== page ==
Saturday, October 6, 2012
A few thoughts on Cardinals' Kevin Kolb
By Mike Sando
Kevin Kolb started the Arizona Cardinals' first seven games last season before a turf-toe injury sidelined him for four games.
Kolb then made two starts before a concussion suffered during an inadvertent collision ended his season.
Those injuries renewed questions about Kolb's durability. A concussion suffered during the 2010 opener, when Kolb was with Philadelphia, had opened the door for Michael Vick to become the Eagles' starter.
Kolb's ability to withstand 17 sacks over the Cardinals' past two games has put to rest, for now, those durability questions.
Now we can focus on things such as how well Kolb is playing. My impression is that Kolb has shown improvement from last season. He has thrown fewer interceptions. He has led game-winning drives.
Kolb has also done these things without much help from the Cardinals' ground game. Arizona has struggled to run the ball for obvious reasons. Injuries on the line have had some impact. Losing two of the top three running backs for multiple games has surely hurt in that area.
In looking at the stats, Kolb doesn't appear much more productive than he was through five games last season.
I would have said he appears more willing to stand in the pocket and play within the framework of the offense, but the stats don't back up that impression.
Kolb has left the pocket 27 times and remained inside it 160 times. Last season at this point, the ratio was 31 plays outside the pocket and 169 within it. Those numbers, provided by ESPN Stats & Information, suggest no fundamental change.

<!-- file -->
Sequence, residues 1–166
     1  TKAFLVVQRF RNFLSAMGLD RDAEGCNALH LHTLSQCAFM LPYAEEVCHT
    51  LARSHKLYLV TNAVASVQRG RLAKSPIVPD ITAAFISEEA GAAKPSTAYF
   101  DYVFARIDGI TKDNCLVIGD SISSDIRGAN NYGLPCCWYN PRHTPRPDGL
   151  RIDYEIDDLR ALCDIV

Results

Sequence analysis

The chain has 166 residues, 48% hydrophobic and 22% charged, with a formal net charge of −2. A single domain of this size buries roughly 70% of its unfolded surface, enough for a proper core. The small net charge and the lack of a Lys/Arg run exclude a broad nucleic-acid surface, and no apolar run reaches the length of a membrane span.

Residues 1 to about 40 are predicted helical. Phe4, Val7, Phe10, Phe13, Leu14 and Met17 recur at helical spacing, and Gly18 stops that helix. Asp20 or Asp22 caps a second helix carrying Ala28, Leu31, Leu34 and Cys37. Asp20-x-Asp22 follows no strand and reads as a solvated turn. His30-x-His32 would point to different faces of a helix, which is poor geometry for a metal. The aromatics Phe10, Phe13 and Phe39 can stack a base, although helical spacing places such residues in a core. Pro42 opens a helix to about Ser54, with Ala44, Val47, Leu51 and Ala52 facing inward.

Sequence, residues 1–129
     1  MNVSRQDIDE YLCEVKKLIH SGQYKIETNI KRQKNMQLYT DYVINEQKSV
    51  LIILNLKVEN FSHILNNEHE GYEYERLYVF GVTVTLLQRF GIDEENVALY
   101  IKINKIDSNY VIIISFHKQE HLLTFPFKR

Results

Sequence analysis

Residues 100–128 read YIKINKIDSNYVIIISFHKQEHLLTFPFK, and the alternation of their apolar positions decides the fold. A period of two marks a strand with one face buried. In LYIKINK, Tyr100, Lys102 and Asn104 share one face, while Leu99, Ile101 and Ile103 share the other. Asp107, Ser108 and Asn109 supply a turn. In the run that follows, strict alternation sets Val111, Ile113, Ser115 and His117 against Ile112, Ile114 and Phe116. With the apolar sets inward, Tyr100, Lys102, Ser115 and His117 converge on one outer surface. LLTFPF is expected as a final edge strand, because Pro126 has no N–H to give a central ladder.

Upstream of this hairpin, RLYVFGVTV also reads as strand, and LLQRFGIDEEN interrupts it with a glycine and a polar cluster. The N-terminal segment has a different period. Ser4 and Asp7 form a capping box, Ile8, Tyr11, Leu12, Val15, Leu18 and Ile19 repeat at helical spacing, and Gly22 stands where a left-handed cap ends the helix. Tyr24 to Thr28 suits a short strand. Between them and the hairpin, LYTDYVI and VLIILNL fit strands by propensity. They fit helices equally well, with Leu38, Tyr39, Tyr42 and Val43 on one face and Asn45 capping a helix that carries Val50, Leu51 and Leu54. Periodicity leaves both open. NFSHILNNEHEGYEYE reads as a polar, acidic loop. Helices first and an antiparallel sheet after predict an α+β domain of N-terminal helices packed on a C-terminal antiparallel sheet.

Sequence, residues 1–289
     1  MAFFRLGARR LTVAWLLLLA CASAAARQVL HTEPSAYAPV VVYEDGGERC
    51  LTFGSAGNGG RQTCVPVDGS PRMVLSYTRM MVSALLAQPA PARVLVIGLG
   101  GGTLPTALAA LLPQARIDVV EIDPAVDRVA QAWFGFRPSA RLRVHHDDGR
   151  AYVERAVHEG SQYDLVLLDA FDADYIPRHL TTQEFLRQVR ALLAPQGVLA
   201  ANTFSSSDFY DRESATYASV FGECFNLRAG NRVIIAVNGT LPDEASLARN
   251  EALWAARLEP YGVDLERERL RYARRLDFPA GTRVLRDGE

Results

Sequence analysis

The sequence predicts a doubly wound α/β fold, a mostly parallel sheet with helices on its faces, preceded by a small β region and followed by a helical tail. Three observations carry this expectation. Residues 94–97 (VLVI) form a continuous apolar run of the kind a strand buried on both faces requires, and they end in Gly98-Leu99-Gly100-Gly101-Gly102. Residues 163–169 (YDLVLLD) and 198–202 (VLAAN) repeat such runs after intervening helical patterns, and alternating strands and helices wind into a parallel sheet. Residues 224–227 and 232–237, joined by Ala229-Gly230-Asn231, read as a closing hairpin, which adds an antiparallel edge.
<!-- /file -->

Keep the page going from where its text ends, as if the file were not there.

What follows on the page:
Once outside the pocket, Kolb has completed 54.5 percent of his passes for seven first downs. That's an improvement from this point last season, when Kolb had completed only 33.3 percent of passes with six first downs when straying from the pocket.
The chart includes a "QB PAR" line showing how many points Kolb has accounted for above a replacement-level quarterback, based on the metrics ESPN uses to calculate Total QBR.
Those metrics show Atlanta's Matt Ryan leading the NFL at plus-33.4 PAR, followed by Peyton Manning (32.0), Tom Brady (30.7) and Andrew Luck (29.2). Alex Smith is at 21.5, which ranks 16th in the NFL, one spot above Drew Brees. Kolb ranks 25th, between Tony Romo and Blaine Gabbert. Sam Bradford is 28th at 8.0. Russell Wilson is 31st (3.2). Brandon Weeden is the only player in the negative (minus-16.1).
Kolb's NFL passer rating is higher this season than it was through five games in 2011. His QBR score, which takes into account how passing and non-passing contributions affect a team's chances for winning, is about the same.
The takeaway for me: The Cardinals' poor ground game and diminished pass protection have made Kolb's life tougher. The team's vastly improved defense has made his life easier, allowing Arizona to win some games without asking as much from him. The positive late-game plays Kolb has made should be encouraging for the Cardinals. But the team's 4-1 record shouldn't lead us into blindly accepting the idea that Kolb is playing dramatically better this year. He might not be.